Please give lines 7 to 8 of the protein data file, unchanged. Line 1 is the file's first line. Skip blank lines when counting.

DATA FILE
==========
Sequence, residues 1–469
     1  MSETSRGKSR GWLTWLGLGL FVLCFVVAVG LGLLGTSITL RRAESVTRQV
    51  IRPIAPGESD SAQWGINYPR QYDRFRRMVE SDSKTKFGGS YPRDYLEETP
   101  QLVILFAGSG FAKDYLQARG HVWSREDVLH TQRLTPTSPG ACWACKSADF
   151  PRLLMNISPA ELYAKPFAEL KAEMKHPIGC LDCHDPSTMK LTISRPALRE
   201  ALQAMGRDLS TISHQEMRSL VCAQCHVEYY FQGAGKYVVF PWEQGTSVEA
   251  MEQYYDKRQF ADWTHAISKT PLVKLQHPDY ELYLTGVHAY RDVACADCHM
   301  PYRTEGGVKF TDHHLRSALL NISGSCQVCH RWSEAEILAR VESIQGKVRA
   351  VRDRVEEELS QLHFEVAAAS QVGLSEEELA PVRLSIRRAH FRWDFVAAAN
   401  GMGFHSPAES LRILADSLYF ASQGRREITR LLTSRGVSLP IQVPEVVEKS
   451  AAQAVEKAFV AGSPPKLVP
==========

   251  MEQYYDKRQF ADWTHAISKT PLVKLQHPDY ELYLTGVHAY RDVACADCHM
   301  PYRTEGGVKF TDHHLRSALL NISGSCQVCH RWSEAEILAR VESIQGKVRA